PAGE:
JRuby Guys Leave Sun, Language Looks Likely To Suffer

JRuby guys leave Sun, citing the uncertainty surrounding Sun’s acquisition by Oracle and Oracle’s support for the JRuby language.

Sun hired Charles Nutter and Thomas Enebo, often called “the JRuby Guys,” about two-and-a-half years ago so they could work full time on JRuby, an implementation of the Ruby programming language for the Java Virtual Machine. Some months later Sun hired Nick Sieger, another key JRuby developer.

All three will start work at Engine Yard next week. Nutter said they decided to leave Sun largely because of the uncertainty resulting from its acquisition by Oracle, a deal that’s expected to close later this summer pending regulatory approvals.

“To be honest, we had no evidence that Oracle wouldn’t support JRuby, but we also didn’t have any evidence that they would,” Nutter said by telephone Monday

src – computerworld

In an interview with eWEEK, Nutter said the main reason for moving JRuby to a more secure and stable position at a hardcore Ruby/Rails shop like Engine Yard was “uncertainty about the future and also Engine Yard reaching out and committing to helping to move JRuby forward.”

src – eweek

It would be interesting to see if Sun / Oracle continues to push JRuby or if JRuby now takes a back seat. Also without the financial & marketing muscle of a Sun or Oracle behind it, it is quite likely that JRuby’s growth will slow down.

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  • Harshad Oak

    Charles Nutter has written a blog explaining the reasons why the JRuby team has moved from Sun to EngineYard – http://bit.ly/Izls2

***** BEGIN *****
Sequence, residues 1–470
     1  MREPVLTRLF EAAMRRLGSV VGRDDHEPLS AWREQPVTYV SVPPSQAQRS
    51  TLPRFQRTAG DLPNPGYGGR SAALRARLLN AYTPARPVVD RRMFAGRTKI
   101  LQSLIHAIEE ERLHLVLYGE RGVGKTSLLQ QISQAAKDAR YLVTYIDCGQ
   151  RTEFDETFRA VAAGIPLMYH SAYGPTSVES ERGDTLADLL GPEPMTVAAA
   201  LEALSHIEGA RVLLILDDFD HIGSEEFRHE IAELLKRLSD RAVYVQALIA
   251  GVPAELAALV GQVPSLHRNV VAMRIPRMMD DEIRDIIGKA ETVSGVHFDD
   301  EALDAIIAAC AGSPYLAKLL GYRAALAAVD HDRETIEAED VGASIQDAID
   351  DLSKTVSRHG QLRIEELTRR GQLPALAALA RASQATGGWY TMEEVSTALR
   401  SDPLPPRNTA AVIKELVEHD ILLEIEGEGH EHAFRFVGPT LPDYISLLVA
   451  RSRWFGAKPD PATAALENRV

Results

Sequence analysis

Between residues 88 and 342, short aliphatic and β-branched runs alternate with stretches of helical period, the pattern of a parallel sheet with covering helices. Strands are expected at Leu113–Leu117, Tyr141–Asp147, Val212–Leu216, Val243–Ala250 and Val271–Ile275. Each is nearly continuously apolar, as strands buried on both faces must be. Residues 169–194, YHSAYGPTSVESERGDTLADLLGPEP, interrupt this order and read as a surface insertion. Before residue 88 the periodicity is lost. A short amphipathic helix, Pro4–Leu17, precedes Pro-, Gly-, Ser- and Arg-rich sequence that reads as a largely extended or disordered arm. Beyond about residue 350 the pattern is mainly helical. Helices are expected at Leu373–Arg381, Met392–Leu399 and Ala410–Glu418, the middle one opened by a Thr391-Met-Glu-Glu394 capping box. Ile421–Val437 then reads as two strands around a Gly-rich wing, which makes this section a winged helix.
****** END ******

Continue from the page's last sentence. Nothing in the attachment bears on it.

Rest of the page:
He says –
    “For JRuby, the move to Engine Yard means we’ve got a dedicated Ruby and Rails company backing our project. We’ve always believed in Ruby and Rails, but have long realized there’s more we need to do…”

  • Harshad Oak

    Charles Nutter has written a blog explaining the reasons why the JRuby team has moved from Sun to EngineYard – http://bit.ly/Izls2

    He says –
    “For JRuby, the move to Engine Yard means we’ve got a dedicated Ruby and Rails company backing our project. We’ve always believed in Ruby and Rails, but have long realized there’s more we need to do…”

  • Sounds like a pretty suspect conclusion to jump to for me. JRuby isn’t a core part of Sun’s strategy and while hugely interesting and useful is always going to have to take a back seat to the rest of their Java stakeholdings. Meanwhile Engine Yard are well funded, probably the most well know brand in the Ruby community, and somewhat dependent on high performing Ruby implementations (of which JRuby is one) to keep their infrastructure costs low.

    Sounds like a perfect partnership to me.

  • Sounds like a pretty suspect conclusion to jump to for me. JRuby isn’t a core part of Sun’s strategy and while hugely interesting and useful is always going to have to take a back seat to the rest of their Java stakeholdings. Meanwhile Engine Yard are well funded, probably the most well know brand in the Ruby community, and somewhat dependent on high performing Ruby implementations (of which JRuby is one) to keep their infrastructure costs low.

    Sounds like a perfect partnership to me.